The Spreadsheet to Match Furloughed Government Workers With Jobs at D.C. Startups

Many local tech companies could use a few hours of skilled labor—and they know just whom to turn to.
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For many furloughed federal employees in the D.C. area, the shutdown has had immediate and difficult ramifications: Without a paycheck (even if one is promised later), covering rent, groceries, and other bills can be suddenly out of reach. Unemployment claims in the District and surrounding states have increased by thousands since the shutdown began.

Many of these people are highly skilled. Conveniently, there are many startups in the D.C. area who need a highly-skilled person with a few hours on his or her hands. And it was this pairing of needs that inspired Tom Clark to create a Google spreadsheet, on which those looking for work and those looking for workers could be matched.

Last week, Clark built and released the Shutdown Work Board, which consists of one page of instructions, one page where employers can post work, and one page for workers to post their qualifications. As the front page warns, "There is NO vetting process for the types of positions/projects listed here and there is NO vetting process for the candidates seeking temporary work." In other words: This is just a platform—from here it's up to you.

And that was all it took. "Within 6 hours," Clark told me over email, "we had more than three dozen temporary jobs posted, and within 36 hours, we had more than 3,000 visitors to the site." He added, "We knew we were on to something with Google actually reached out to offer some tips for using Google Docs because the page was getting so much traffic and people were getting locked out of viewing it." Clark shared it with entrepreneurs he knows from working at D.C.'s start-up hub and co-working space, 1776.

Some of the jobs are one-off projects, such as a posting from the Opence Cancer Network, seeking a "PowerPoint and design wizard": "Our presentation decks are ugly. Help us make them beautiful." Others entails more long-term commitments, such as a job for a Python developer from a company called FlatWorld Knowledge. Several of the jobs have been coded red; they've already been filled.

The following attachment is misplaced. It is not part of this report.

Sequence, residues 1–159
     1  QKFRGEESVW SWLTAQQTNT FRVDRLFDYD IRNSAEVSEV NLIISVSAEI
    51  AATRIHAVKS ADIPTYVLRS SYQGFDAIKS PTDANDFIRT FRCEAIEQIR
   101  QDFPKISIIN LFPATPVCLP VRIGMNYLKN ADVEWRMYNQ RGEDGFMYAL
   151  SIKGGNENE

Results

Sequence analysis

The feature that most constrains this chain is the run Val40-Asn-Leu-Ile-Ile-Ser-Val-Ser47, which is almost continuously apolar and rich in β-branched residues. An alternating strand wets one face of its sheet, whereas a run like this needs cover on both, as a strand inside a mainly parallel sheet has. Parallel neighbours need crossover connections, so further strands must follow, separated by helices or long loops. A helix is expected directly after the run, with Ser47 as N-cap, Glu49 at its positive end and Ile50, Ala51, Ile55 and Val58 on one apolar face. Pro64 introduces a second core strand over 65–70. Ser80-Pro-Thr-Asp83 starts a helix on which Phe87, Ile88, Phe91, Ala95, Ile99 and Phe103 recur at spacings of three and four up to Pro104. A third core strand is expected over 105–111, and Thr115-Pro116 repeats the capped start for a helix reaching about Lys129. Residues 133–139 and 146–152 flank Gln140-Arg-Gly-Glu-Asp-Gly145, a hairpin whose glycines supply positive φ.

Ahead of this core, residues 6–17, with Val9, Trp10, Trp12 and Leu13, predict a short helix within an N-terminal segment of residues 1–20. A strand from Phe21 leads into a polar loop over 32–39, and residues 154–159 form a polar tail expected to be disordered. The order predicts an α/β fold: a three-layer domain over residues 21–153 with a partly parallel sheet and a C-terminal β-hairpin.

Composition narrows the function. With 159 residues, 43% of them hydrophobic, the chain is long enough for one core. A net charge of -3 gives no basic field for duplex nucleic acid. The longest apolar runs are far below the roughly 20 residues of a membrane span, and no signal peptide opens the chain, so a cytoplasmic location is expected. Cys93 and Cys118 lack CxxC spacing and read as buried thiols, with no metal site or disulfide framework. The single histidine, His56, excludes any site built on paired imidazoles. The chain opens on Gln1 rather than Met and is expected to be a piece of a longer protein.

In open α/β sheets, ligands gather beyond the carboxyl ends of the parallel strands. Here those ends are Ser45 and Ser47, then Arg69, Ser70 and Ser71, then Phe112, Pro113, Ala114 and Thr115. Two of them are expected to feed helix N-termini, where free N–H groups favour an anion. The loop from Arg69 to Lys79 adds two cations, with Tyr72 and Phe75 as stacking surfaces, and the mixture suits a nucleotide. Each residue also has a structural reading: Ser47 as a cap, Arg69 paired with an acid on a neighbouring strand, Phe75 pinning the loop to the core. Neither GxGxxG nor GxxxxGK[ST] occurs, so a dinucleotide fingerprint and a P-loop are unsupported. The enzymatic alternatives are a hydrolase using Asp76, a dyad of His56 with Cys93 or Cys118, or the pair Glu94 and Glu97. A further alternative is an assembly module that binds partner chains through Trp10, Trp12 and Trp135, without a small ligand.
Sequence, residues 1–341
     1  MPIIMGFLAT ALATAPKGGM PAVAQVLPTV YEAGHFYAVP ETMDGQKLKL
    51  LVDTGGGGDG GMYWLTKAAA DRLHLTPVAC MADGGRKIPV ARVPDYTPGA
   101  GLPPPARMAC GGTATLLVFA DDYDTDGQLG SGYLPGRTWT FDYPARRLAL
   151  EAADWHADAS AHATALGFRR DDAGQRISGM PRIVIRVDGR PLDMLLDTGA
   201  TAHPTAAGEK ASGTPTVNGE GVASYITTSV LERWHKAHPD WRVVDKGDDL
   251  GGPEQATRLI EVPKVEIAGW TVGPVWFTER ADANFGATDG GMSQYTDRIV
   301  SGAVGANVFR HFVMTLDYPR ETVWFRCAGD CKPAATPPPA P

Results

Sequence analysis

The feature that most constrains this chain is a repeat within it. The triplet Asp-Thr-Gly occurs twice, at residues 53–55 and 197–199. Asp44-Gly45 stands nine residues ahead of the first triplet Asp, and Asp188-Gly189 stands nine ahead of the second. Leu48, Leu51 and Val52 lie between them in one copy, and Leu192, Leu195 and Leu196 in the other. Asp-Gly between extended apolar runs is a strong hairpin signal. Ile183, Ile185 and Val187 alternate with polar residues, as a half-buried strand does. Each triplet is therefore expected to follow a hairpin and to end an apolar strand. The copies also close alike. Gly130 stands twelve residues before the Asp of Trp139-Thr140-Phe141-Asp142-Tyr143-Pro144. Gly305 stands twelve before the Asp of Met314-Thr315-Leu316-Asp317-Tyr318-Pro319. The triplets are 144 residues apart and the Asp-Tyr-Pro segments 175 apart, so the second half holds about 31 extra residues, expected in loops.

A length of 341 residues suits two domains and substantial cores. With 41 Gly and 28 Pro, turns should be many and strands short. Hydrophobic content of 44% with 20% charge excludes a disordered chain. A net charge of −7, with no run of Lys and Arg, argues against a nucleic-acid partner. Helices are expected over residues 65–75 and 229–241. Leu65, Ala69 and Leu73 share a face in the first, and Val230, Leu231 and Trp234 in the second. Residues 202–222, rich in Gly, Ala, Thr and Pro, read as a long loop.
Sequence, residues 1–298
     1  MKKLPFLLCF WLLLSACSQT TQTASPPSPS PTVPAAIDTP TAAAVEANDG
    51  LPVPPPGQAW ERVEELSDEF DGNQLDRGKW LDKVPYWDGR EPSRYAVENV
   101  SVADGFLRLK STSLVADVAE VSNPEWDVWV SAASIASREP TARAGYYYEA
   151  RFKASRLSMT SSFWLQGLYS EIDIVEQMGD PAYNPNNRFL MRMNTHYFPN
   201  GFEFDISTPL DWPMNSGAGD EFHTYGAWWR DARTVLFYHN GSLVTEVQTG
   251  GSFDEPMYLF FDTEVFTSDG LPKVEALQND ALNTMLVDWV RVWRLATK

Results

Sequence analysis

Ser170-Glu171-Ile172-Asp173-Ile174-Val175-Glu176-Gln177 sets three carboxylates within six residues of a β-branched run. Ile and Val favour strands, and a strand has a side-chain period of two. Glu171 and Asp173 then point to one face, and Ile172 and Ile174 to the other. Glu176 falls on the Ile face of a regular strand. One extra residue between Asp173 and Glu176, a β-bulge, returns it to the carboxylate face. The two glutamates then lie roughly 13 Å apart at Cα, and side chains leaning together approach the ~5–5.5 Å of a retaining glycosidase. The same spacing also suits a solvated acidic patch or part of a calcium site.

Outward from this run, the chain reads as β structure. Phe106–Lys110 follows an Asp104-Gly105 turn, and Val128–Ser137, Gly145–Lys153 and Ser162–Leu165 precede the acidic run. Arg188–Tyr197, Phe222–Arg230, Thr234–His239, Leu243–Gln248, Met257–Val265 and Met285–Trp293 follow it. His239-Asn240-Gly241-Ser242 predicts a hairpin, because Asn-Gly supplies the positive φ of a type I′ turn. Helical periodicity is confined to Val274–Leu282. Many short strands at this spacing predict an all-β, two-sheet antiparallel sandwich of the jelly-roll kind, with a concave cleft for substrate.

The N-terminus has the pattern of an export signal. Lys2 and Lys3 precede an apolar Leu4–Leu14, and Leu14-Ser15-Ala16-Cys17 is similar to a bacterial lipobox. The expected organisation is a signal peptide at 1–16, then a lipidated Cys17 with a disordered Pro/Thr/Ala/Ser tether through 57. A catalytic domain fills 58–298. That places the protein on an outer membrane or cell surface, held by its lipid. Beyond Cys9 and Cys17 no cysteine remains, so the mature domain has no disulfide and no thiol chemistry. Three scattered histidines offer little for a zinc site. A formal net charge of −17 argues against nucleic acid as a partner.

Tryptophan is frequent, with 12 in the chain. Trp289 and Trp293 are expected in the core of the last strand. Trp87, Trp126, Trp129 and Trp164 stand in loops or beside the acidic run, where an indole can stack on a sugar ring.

A sample of the spreadsheet's offerings

For Clark, the basic idea was familiar. He works for a company called myEDmatch, which pairs teachers with schools that have similar values and ideas about education. "We built a pretty sophisticated employment marketplace and matching function for teachers to find best-fit jobs and for schools to find and recruit top talent, but," he says, "at its core, it's not all that different from the Shutdown Work Board."

Donna Harris, a cofounder of 1776, says that the effect of the spreadsheet was already visible the day after it was created. "Less than 24 hours later," she wrote me over email, "we had several federal workers hanging out at 1776 doing work for startups. We had one person who was helping photograph product for a startups web store. Another person, who had some technical skills, was learning a new coding language and doing some basic coding for a startup."

"The longer the shutdown goes on," she added, "the more I think we’ll see these sorts of connections happening." 1776 is also planning to offer trainings and other free sessions for furloughed workers.

The furloughs may prompt federal employees to leave government work altogether, and find jobs in D.C.'s growing startup community. "The reality is that for many federal workers (or those in contracting positions), being furloughed puts a fine point on the fact that the jobs they thought were secure are now just as risky as other options," Harris says. "Overlay that with Obamacare, which frees them to explore alternate career choices without fear of losing health coverage, and there has never been a better time for them to explore working at a startup." For federal employers, any such attrition will mean that the shutdown's effects will be felt long after the government re-opens its doors.

 

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Rebecca J. Rosen is a senior editor at The Atlantic, where she oversees the Business Channel. She was previously an associate editor at The Wilson Quarterly.

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